Rescuers worked for more than 32 hours to safely access the area after a vertical pipe broke from a wall and struck a cage similar to an elevator lowering the two men into the shaft early Thursday, said Barrick Gold of North America spokesman Lou Schack. The pipe runs the length of the Meikle mine shaft, about 1,300 feet below the surface.
"This is a tragic event and we remain focused on assisting these miners' families," said Greg Lang, president of Barrick's North America Region.
It will take from three weeks to two months to identify the remains, said Elko County Sheriff Dale Lotspeich, who also is county coroner.
"From an official standpoint, I can't confirm it's the remains of the two missing miners," the sheriff said. "But realistically, yes, it is. The remains were found in the area where the accident occurred and so we're probably looking at that."
Five earlier fatalities had occurred at the mine, which opened in 1994 about 55 miles northwest of Elko and 275 miles northeast of Reno. There have been 26 mining deaths over the last decade in Nevada, the world's fourth largest gold producer behind South Africa, Australia and China.
The Meikle mine, about 55 miles northwest of Elko and 275 miles northeast of Reno, is operated by its subsidiary Barrick Goldstrike Mines. The mine has about 300 workers, and its underground operations have been shut down since the accident.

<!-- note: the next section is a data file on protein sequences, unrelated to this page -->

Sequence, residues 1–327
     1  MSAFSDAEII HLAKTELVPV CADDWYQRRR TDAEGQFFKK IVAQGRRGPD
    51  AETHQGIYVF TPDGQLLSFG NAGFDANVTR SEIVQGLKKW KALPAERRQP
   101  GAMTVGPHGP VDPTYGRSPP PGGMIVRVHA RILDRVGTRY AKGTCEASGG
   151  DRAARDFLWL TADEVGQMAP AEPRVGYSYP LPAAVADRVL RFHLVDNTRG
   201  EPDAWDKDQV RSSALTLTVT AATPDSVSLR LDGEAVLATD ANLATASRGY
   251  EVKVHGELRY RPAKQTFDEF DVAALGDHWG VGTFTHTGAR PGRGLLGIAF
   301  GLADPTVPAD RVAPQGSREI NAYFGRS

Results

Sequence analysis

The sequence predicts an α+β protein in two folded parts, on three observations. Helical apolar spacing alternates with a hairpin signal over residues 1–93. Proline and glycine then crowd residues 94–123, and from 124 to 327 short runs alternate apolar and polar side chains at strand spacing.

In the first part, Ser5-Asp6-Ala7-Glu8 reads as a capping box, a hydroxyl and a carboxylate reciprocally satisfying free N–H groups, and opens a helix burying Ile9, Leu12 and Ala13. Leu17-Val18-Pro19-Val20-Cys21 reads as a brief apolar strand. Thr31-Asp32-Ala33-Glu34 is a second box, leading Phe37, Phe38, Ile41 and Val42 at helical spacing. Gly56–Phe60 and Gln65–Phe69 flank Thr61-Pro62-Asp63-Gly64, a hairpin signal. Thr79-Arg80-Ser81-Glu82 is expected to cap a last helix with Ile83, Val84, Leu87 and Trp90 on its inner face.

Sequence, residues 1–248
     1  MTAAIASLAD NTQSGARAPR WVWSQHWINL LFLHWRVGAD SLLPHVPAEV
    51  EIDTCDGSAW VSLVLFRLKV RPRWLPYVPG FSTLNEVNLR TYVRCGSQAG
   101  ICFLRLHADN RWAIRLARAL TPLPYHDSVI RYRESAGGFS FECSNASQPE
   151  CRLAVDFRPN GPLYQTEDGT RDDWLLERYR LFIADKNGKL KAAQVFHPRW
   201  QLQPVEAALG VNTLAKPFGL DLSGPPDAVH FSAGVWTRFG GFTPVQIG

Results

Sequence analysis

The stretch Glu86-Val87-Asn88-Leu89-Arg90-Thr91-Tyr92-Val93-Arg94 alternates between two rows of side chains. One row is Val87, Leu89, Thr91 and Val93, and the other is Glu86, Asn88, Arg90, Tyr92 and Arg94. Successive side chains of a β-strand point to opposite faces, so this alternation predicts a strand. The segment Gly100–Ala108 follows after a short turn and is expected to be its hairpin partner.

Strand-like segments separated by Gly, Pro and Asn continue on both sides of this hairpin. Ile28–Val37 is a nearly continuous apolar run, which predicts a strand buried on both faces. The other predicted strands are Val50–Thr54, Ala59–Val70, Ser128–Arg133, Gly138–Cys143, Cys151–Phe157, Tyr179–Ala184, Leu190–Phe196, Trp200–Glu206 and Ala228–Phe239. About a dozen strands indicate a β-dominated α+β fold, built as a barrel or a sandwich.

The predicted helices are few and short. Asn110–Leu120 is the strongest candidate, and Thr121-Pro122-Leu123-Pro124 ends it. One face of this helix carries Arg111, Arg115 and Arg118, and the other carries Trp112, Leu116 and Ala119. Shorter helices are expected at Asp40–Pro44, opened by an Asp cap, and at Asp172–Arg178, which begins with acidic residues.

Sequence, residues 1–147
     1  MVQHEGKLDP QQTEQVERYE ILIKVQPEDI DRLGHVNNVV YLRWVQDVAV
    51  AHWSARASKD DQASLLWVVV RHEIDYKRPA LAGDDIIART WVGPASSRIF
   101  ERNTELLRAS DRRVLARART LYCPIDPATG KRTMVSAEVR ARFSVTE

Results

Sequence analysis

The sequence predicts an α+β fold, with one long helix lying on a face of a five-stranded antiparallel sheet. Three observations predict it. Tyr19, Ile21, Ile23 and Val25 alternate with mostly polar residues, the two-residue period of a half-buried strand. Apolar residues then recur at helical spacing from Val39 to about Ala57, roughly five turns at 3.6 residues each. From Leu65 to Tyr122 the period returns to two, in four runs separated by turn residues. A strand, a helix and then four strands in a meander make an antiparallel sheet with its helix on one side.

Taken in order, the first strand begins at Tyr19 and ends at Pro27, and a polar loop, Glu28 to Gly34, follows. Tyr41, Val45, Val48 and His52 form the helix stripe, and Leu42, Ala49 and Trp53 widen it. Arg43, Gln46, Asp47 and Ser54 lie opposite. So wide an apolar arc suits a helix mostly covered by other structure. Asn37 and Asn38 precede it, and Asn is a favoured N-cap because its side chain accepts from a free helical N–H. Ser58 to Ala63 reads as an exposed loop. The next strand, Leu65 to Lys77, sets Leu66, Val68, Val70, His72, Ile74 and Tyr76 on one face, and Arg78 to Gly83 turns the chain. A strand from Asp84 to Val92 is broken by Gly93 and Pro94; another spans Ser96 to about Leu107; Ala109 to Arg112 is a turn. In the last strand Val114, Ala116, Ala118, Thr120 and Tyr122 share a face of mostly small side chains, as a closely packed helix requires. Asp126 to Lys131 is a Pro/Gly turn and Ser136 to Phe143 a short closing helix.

The pipe that broke Thursday is about 2 feet in diameter and is used to carry crushed stone and rocks.
The accident severely damaged the cage carrying the miners and shook loose considerable debris, Lotspeich said. Searchers expect to find more remains as they have only sifted through about 10 percent of the debris at the bottom of the shaft. They hope to wrap up the work Sunday, he said.
Neither authorities nor Barrick have released the names of the men. Family members of the miners were notified shortly after the accident.
"These types of mining jobs have an inherent risk involved, but nobody is prepared when something major happens and this type of thing occurs," the sheriff said. "We're trying to bring closure not only to the families but to the mining community."
Toronto-based Barrick, the largest gold company in the world, owns several mines in Nevada.
The men were being lowered in the cage to inspect the pipe when the accident occurred, according to the U.S. Mine Safety and Health Administration.